We soon found our way to Martinsville, realizing Route 58 was only 1/2 mile away down the same road the logging truck had taken. While this may seem like another close call on our Road Pickle trip, I see it as an opportunity to learn and grow. Yes, it scared the shit out of me, but thankfully I had escaped being part of the landscape of Virginia Road Kill and I live to ride another day.

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Sunday, July 7, 2013

Time Heals

It is said that time heals all wounds. I can't fully agree with that but time does help with perspective. After some wet riding left me swollen with severe pain, I laid in bed at my friend's home wrapped in warm blankets and self pity. I guess we all fall into that pit from time to time. This was my time.

I'm still in a great deal of pain after two days. But I've pulled my head out of my ass and got my ass out of the bed and hobbled about today, which is better than yesterday. Waiting patiently in the North Carolina rain for my healing to progress my Katie sits and mounting her to ride again is a few days away.

Highway and I have had a few long talks and plan to make a few changes in our journey going forward. Avoiding this type of pain has become my first priority. We've determined that being wet and high humidity work against my fibromyalgia. Also, for the first time in my life, I can feel the barometric pressure change with extreme aches in my joints. I have spent my entire life on the West Coast so I had no idea that my body would react this way, but I can feel the rain two hours before it hits.

We are looking at staying closer to the East Coast, hugging the coastline, and shooting across Pennsylvania over a couple days inland to Ohio, doing our best to avoid the wetness of Humidity Hell. I am so grateful to be with a husband and riding partner who is as piaent and understanding as Highway. Most men would grow tired of a wife who needs to rest so often, needs time to heal, and pouts like a fool when overcome with pity.

We are having a nice time resting in Hays, NC and being well fed by my friend's wife Ashley, a truly gifted Southern chef. I guess I can think of worse places to recover.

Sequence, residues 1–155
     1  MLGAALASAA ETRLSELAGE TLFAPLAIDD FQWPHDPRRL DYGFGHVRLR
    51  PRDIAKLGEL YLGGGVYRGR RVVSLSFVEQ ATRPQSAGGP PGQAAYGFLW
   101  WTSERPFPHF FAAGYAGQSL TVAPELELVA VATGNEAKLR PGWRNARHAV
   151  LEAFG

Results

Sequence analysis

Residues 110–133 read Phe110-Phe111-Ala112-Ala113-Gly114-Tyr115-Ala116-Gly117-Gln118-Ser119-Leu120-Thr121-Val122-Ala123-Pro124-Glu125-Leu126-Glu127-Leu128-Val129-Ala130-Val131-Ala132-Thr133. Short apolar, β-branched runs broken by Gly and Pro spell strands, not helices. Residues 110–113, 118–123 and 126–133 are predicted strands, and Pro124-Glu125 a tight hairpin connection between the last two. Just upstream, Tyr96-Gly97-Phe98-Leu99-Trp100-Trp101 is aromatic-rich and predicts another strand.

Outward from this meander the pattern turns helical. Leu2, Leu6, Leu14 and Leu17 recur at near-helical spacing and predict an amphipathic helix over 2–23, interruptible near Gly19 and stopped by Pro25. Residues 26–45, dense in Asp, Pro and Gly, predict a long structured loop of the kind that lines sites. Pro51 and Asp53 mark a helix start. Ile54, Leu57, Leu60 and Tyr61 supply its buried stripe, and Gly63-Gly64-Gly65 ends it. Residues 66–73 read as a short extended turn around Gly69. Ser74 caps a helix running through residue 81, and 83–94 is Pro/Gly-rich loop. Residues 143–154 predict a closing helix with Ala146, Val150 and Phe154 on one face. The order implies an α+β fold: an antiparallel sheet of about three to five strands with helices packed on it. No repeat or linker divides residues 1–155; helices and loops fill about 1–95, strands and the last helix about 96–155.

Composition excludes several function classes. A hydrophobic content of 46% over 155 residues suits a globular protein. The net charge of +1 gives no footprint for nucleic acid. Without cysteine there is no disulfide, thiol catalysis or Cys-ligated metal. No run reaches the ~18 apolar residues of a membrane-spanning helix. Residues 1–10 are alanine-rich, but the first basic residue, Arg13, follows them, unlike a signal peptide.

I am doing my best to take care of myself without being too much of a pain around here as my Katie waits. She is my whole life, it seems. Riding Katie is my solace, my therapy, my church and my home. Being behind Highway, following his tail lights, being in his tire path is all I want in life.

In a couple days I can get back to my life of riding. In the meantime, I will enjoy this fine food and company, catching up on old times and creating new memories.

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Saturday, July 6, 2013

It Doesn't Look Good

motorcycle-painAgainst my better judgement I rode in the rain yesterday. After our friend Jack dumped his bike ride on the Blue Ridge Parkway we had to back track for miles. His accident was not terrible, so he manned up and rode home. Overall we rode 7 damp hours, with the last 2 in and out of rain.
Sadly we only covered about 210 miles. But there were mostly challenging roads, each one complicated by the wet conditions and the "need" to push forward.

When the rain exploded we pulled into a station in Lenoir to wait. 45 minutes sitting on a damp sidewalk watching my gear get soaked only served to swell every joint in my body with fluid. I insisted Jack ride on ahead because I knew he was in pain from his tumble. But he wouldn't hear of it. I wanted to check into the motel next to the gas station where we waited.

"I'm done. I'm so done. I can't go on anymore."